Brian: So, Brien, when I hear about the CPI and how they can fudge the numbers – I have to be honest, the old … the ex-New York cop kicks in in me and I go “it’s a lot like getting to a crime scene and then trying to mess with the evidence or cover your tracks so that you can’t understand it.” If they’re inflating or fraudulently reporting – I don’t want to accuse anyone, but let’s say they’re massaging the CPI to fit the way they see the world, it seems to me it’s no different than someone going in and messing up a crime scene.

Brien: They use some new measurements – one of them called the hedonic inflator and other measures that I don’t agree with – but that they say reports price inflation more accurately than was done in the 1970s. You can have that argument all day long. And you can argue, for example, that it makes more sense to measure gasoline in liters than gallons. You can make that argument all day long and you might be correct, but you can’t argue that it’s two different measurements.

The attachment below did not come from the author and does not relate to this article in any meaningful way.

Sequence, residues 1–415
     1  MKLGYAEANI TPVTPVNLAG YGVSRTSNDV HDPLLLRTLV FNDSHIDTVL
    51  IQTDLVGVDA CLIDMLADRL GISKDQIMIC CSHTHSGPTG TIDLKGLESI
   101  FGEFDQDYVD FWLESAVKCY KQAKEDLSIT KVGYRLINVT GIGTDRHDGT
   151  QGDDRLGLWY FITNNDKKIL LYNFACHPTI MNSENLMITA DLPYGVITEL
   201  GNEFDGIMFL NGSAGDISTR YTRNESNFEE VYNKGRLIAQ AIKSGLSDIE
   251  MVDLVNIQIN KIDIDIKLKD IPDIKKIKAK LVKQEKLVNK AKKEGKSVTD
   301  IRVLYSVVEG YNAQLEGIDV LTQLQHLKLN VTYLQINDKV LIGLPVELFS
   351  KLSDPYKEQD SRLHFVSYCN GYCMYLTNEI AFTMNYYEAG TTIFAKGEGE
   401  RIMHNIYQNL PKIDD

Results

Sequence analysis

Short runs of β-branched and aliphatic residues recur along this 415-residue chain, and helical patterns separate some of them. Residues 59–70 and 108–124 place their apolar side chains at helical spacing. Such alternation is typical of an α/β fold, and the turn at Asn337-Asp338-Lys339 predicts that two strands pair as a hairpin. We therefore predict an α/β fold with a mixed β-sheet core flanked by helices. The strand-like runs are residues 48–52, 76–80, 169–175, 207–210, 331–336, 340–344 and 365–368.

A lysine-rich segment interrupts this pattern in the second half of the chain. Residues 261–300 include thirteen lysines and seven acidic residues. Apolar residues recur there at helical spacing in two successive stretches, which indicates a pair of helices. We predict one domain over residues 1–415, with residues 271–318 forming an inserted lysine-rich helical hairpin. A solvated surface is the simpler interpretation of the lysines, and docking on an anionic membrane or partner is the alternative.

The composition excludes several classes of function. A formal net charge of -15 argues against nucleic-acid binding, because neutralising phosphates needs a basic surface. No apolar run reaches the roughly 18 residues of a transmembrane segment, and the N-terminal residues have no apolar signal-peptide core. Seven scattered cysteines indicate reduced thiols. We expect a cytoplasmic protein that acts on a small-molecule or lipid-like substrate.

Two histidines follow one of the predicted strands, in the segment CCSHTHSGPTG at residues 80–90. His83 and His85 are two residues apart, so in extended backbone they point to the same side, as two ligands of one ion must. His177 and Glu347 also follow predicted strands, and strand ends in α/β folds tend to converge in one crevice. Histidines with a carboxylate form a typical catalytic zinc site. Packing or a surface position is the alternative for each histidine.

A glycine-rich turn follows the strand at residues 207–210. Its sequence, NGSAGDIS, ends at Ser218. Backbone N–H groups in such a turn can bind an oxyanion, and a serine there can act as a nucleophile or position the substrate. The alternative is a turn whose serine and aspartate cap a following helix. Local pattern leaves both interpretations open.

Brian: It would seem to me, just as a simple guy … parts is parts.

Brien: Exactly. And if you want a consistent indicator of price levels, then you need to use the same indicator throughout. The government has, as I said, changed the CPI twice. Both times the effect was to underreport inflation. You know that they wouldn’t change it to over-report inflation or show higher inflation. From a practical measure, that would bankrupt the country. So you know that whatever changes they made to the CPI, they may say it made the CPI more accurate, but you also know well and good that those changes would report lower inflation. That’s just the way the government works.

Brian: Again, as you say that to me, it’s like “they’re covering their tracks.” So Brien, I want to spend the rest of this segment, if it’s OK sir, and our final segment – now that you’ve caught our listeners up – what are we going to do? What do we got to do, Brien? Talk to us about – let’s say you’ve never invested in gold before. How do we get involved, what should we be looking at, what’s the difference between … I’d like you to run for me, if you would, talking to a regular guy, regular girl, that has been “you know what? I listen to Brien. He makes sense to me …” – listen to you, not to me – if it makes sense to our listeners they’re listening to you, they’re not listening to me. But if it makes sense to our listeners, how do they get involved? What’s a little guy like me going to do?